Toggle Main Menu Toggle Search

Open Access padlockePrints

Preferences for Delivering Brief Alcohol Intervention to Risky Drinking Parents in Children's Social Care: A Discrete Choice Experiment

Lookup NU author(s): Dr Ruth McGovernORCiD, Tara HomerORCiD, Professor Eileen KanerORCiD, Debbie Smart, Professor Laura Ternent



This work is licensed under a Creative Commons Attribution 4.0 International License (CC BY 4.0).


© 2022 The Author(s). Medical Council on Alcohol and Oxford University Press.Aims: Many parents in contact with children's social care services misuse alcohol however do not meet the threshold for specialist alcohol treatment, and typically do not receive appropriate support for their needs. Brief alcohol interventions have been found to be effective in healthcare settings, however, it is unknown whether the brief intervention structure delivered within health settings would transfer well into children's social care. This paper aims to examine the characteristics of brief intervention for alcohol misusing parents which social care practitioners consider to be important and acceptable to implement in this sector. Methods: We assessed preferences for, and acceptability of, brief alcohol intervention with parents in contact with children's social care using a discrete choice experiment. We recruited 205 children's social care practitioners from London and the North East of England. Data were analysed using mixed logit which accounted for repeated responses. Findings: Six attributes showed statistically significant coefficients, suggesting that a brief intervention with these attributes would encourage implementation. These were: level of alcohol-related risk targeted; intervention recipient; timing of intervention; duration of sessions; number of sessions and intervention structure. The attribute of most importance identified based on the attribute with the largest coefficient in the conditional logit model was risk level. Conclusions: Brief alcohol interventions delivered to parents in social care should focus on the impact upon children and the wider family, they should be a flexible part of on-going casework and should be more intensive and less structured.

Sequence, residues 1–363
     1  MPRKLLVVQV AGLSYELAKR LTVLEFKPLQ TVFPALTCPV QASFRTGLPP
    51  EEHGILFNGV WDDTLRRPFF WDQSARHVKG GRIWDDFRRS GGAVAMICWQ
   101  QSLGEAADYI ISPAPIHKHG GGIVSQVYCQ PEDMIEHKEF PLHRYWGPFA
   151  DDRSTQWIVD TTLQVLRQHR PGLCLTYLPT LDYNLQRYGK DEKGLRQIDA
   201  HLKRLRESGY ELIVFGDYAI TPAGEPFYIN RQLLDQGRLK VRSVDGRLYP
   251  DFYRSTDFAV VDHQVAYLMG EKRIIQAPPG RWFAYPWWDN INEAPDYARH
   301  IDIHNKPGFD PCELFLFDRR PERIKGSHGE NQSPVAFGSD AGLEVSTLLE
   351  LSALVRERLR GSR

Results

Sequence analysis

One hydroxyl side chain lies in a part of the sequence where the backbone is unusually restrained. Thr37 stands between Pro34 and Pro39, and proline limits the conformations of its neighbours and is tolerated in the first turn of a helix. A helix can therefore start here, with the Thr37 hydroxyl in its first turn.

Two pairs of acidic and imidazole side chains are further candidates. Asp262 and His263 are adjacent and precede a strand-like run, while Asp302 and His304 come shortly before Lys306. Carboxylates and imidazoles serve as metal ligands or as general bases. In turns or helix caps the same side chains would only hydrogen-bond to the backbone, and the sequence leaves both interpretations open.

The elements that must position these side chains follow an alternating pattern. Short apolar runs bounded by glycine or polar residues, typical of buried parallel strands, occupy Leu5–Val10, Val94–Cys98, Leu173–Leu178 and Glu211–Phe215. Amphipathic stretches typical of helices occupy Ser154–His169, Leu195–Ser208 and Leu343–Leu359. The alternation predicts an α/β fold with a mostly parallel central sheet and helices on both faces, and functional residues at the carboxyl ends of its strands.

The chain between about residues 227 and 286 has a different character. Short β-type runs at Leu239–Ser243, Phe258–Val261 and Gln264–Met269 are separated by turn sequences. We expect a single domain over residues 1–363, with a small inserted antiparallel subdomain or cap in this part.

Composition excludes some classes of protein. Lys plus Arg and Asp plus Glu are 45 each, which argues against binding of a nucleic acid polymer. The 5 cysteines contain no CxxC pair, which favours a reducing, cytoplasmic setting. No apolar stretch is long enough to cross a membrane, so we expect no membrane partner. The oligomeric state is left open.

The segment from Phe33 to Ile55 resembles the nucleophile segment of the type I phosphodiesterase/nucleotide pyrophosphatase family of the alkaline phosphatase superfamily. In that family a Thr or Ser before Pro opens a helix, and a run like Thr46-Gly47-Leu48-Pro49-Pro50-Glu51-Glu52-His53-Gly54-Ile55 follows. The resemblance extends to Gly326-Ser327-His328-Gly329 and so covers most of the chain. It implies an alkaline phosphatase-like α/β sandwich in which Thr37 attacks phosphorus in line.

Publication metadata

Author(s): McGovern R, Homer T, Kaner E, Smart D, Ternent L

Publication type: Article

Publication status: Published

Journal: Alcohol and Alcoholism

Year: 2022

Volume: 57

Issue: 5

Pages: 615-621

Print publication date: 01/09/2022

Online publication date: 21/04/2022

Acceptance date: 21/03/2022

Date deposited: 17/05/2023

ISSN (print): 0735-0414

ISSN (electronic): 1464-3502

Publisher: Oxford University Press


DOI: 10.1093/alcalc/agac018

PubMed id: 35443044


Altmetrics provided by Altmetric


Funder referenceFunder name